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3 Irish Fairies

3 Irish Fairies

Katie Rhodes |

If you’ve heard of St. Patrick’s Day, chances are you know about leprechauns. But did you know there are more fairies that hold equally enchanting and interesting lore? Read on to learn about three of these mythical Irish fairies.


Most simply changelings are fairy children who were exchanged for human children. Fairy babies most often die or incur a severe deformity during their birth. Fairies are very concerned with aesthetics and are averse to seeing less than eye-catching children; therefore, they swap them for humans. Aside from physical deformities that may be attributed to birth, they might also have talon-shaped hands and generally bring a sense of dread and unpleasantness where they go. They are ill-tempered, often cry, and get their pleasure from bringing displeasure—or more accurately, havoc—to a household. It is said that the changelings have an aptitude for musical instruments, and therefore may entertain their new human families with this talent.


Merrow is the Irish term for a mermaid or sea fairy. Beautiful and often enchanted with humans, mermaids have long held intrigue among mortals. Many of her features are humanlike, however her feet are in the flat shape of diving fins, thus to help her swim. Similarly, her hands are webbed between the fingers. She may also have scale-like features on the lower portion of her body.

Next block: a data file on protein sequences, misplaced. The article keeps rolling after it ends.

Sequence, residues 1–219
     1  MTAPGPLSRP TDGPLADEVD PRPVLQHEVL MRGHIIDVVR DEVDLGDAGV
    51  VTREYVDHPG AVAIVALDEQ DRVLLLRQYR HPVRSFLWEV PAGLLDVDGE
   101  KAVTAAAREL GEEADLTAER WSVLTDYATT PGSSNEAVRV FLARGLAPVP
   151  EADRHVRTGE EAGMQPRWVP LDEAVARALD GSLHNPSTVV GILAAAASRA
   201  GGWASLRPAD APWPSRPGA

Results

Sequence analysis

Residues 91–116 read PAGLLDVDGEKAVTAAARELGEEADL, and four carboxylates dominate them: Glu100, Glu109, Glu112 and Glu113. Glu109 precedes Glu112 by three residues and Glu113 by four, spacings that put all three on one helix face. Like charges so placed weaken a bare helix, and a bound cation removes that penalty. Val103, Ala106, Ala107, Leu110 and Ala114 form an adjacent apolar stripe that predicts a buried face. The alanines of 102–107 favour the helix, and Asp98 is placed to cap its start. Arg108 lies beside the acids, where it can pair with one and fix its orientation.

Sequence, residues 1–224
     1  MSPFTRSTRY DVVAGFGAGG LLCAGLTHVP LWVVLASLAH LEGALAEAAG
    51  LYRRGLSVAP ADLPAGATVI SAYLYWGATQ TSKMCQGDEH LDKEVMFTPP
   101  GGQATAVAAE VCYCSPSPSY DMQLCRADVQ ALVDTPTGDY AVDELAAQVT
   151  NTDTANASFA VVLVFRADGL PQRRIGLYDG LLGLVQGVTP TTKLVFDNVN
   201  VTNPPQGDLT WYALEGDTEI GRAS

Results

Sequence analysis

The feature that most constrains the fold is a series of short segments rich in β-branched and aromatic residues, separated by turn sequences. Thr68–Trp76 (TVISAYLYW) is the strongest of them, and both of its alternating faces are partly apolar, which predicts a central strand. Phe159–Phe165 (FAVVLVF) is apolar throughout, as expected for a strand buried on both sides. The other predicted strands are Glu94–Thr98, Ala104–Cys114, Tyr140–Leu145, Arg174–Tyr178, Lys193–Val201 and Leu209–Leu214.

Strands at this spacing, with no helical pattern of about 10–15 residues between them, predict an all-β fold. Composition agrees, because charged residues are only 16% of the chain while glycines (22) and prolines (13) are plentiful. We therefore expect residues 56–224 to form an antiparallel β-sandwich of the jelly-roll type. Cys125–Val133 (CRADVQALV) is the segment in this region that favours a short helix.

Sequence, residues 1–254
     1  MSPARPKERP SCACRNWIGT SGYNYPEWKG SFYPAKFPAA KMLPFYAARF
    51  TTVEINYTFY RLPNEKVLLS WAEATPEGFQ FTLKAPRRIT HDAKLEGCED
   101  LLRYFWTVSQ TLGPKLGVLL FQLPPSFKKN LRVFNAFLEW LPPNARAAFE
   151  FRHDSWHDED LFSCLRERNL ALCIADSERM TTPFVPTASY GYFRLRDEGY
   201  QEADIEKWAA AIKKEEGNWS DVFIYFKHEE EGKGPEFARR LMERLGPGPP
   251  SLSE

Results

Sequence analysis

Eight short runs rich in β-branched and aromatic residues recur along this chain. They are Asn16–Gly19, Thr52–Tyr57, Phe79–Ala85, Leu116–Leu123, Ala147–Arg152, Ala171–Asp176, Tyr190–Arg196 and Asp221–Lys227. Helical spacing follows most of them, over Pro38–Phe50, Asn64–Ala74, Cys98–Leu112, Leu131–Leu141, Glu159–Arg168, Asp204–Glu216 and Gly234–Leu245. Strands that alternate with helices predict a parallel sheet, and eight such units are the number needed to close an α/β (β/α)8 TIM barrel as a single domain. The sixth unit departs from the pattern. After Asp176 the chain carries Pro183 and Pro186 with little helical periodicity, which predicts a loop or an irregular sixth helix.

While Hollywood and children’s books have presented a whimsical, fun-loving version of mermaids, they are said to be fickle and even precursors that arrive to warn of death. Merrows shed their seal-like skin and caps to come ashore, and because of their fascination with humans they are said to often end up in trysts or even marriage with mortal men. Men would even steal the caps to entice them to marry them and stay on land. However, as time passes the lure of the sea is sure to call her back to its waters.

There are also male versions of merrows; however, they are far less attractive with scaly skin from head to toe and cloaks that covered the body. They are also less whimsical and enchanting than the female counterparts and are said to be deceitful and vicious.

The Banshee

The word banshee is often associated with death, and rightly so, as the banshee is said to come to warn of one’s passing. The banshee is depicted as a woman with long flowing, unkempt hair who is wearing a loose-fitting gown. Her eyes are hollow and she wails at ear-piercing levels to alert humans that death is near. However, she can take other forms including a young woman and a mature, but well-kept woman. Gaelic folklore says that this spirit was only able to warn members of five Irish families—the O’Neills, the O’Briens, the O’Connors, the O’Gradys, and the Kavanaghs. As with leprechauns, there have also been reported sightings—and perhaps more relevant—reported hearings—of the banshee and her shriek.